Brazilian police have identified five more people involved in the murders of Dom Phillips and Bruno Pereira

Police investigating the murder of British journalist Dom Phillips and Indigenous lawyer Bruno Pereira have identified five more people involved in the killings, bringing the number of suspects in a crime that has shocked Brazil to eight.

Police had already arrested two brothers, one of whom confessed to the crime, and a third man turned himself in to authorities on Saturday.

State police in Atalaia do Norte, the waterfront town where Phillips and Pereira began their last journey, told the Guardian that the five suspects were being investigated for their alleged involvement in helping the men move Phillips’ remains. Pereira 24 hours after the shooting.

Researcher David Da Rocha described the investigation as “90% complete” and said the planned arrests were likely to be the last in the process. He said the five men he was waiting to arrest were relatives of the two detained brothers. Police were awaiting a court order to begin the arrests and were also expected to be charged with homicide.

Da Rocha maintained his belief that the murder suspects had not acted on anyone’s orders and claimed that the crime was not part of a larger criminal conspiracy. This characterization, shared by the Brazilian federal police, has been strongly opposed by indigenous activists in the region, who have argued that the killings were linked to organized crime groups.

Phillips was a British journalist researching a book on sustainable development in the Amazon region, and Pereira helped him negotiate remote parts of the rainforest where he interviewed.

The couple were shot dead on June 5 and buried deep in the rainforest. Their bodies were discovered last week, when one of the two brothers confessed to the crime.

Police said Phillips had been shot dead in the body, while Pereira was shot three times, twice in the chest and abdomen and once in the head. The weapons used in the killing were of the type used by hunters, police said.

The announcement came when unions working for Brazil’s national indigenous agency, Funai, called a five-day strike this week with the aim of ousting the organization’s president, who is said to be working on against the interests of the indigenous people of Brazil.

Officials with three unions will vote on the strike on Monday, but are confident that members of most of Brazil’s 27 states will join the strike, which also aims to force authorities to expand their investigation into the crime.

“The focus of the strike is to force the exit [the Funai president] Marcelo Xavier, “said Priscila Colotetti, executive director of Indigenistas Associados, an employee association of Funai.” Under Xavier, it’s not that indigenous policies are difficult to enact, it’s that there are no indigenous policies. we need a longer strike to press.

“We are also pressing for a proper investigation into the murder of Dom and Bruno so that they can find out who ordered the crime.”

Officials said last week that the suspects had acted alone, but that conclusion was questioned, especially by local indigenous groups, who had previously denounced the presence of drug gangs and organized crime mafias in the region.

The announcement adds to the widespread lack of confidence of the local population in state bodies such as the police and, increasingly, the Funai.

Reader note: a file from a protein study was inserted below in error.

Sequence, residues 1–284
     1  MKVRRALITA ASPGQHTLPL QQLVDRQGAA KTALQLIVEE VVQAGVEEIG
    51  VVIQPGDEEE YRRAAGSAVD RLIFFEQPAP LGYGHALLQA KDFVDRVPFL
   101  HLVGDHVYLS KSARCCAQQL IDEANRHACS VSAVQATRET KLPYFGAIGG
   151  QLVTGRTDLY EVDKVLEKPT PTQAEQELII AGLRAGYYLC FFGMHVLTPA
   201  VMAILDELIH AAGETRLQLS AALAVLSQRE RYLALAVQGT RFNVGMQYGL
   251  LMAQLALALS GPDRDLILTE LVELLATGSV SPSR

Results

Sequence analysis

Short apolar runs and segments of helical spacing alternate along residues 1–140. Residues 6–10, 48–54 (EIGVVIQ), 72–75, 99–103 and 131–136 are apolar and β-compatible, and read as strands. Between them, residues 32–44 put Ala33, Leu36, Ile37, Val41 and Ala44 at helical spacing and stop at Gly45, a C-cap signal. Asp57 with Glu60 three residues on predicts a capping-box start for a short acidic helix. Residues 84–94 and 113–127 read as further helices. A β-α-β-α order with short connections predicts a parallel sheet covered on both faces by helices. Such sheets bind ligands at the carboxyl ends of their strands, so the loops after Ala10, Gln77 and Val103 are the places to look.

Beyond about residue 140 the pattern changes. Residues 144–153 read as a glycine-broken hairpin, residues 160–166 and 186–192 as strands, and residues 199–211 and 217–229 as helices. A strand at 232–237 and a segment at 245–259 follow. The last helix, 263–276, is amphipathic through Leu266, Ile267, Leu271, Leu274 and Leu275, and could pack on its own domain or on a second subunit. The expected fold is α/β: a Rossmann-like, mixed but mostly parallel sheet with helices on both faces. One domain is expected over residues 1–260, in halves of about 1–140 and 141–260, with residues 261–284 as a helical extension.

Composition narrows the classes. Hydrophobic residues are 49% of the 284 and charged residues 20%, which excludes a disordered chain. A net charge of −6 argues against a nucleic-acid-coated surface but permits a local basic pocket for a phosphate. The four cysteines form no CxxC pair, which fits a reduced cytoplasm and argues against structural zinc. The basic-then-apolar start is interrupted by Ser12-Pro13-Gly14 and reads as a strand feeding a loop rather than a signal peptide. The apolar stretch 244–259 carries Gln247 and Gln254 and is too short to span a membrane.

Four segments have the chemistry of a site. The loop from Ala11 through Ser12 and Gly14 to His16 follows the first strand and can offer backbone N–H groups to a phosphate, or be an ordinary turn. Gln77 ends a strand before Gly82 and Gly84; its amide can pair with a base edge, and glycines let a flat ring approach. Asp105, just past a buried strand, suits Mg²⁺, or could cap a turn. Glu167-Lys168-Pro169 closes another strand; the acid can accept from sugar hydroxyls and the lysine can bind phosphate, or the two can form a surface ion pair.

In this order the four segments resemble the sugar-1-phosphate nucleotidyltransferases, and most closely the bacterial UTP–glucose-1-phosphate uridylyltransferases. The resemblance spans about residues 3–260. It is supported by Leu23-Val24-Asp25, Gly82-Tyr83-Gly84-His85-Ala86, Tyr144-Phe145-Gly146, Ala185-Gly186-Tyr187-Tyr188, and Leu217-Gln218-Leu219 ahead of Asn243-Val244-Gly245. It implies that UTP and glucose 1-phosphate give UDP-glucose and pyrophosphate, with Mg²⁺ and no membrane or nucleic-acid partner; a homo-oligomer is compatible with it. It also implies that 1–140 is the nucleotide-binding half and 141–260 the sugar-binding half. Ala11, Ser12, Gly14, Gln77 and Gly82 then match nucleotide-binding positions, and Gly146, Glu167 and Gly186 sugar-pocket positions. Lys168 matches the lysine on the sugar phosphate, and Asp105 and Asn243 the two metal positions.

The indigenous foundation has been undermined and underfunded by Brazil’s far-right president Jair Bolsonaro, current and former officials said. Bolsonaro wants to open up indigenous lands to loggers and miners, further threatening communities living in the area for thousands of years.

Xavier’s place at the head of an organization in charge of the care and protection of some 235 indigenous tribes has also been questioned, including by Pereira, a former employee of Funai.

Xavier said that in the days following the couple’s disappearance, they had not obtained the necessary permits to enter indigenous land, as required in Brazil. However, indigenous groups said they did not need the permits because they had not ventured into indigenous territory. A judge agreed, telling Xavier to withdraw his statement from Funai’s website and to refrain from denigrating the two missing men. Funai complied.

Funai made a late statement on June 16, saying “Pereira leaves an immense legacy” and celebrated what he called his “extreme dedication … to indigenous peoples, for whom he worked tirelessly.”

Pereira, 41, had already confronted Xavier, a former police chief appointed by Bolsonaro in July 2019. Pereira worked with Funai until the end of that year, when Xavier fired him. Pereira said he believed the decision had been made because he had successfully led an operation against illegal mining in indigenous lands.

After leaving Funai, the father of three went to work with indigenous communities in the Javari Valley, a remote, densely wooded region along Brazil’s western border with Peru. It was there, on a quiet stretch of the Itaquai River, that he and Phillips were last seen alive.

Sunday’s strike call comes five days after union members at Funai headquarters in the capital, Brasilia, joined colleagues from two other states in a dazzling one-day stop.

Colotetti said staff were being threatened with dismissal if they went ahead with the strike, but would not be intimidated.

“We will lose money from the days we are out and there are other threats coming through later channels as well,” he said. “People in senior positions are being warned that they will be fired, and those on duty are being warned that they will be sent back. The directors are trying to stop them.”

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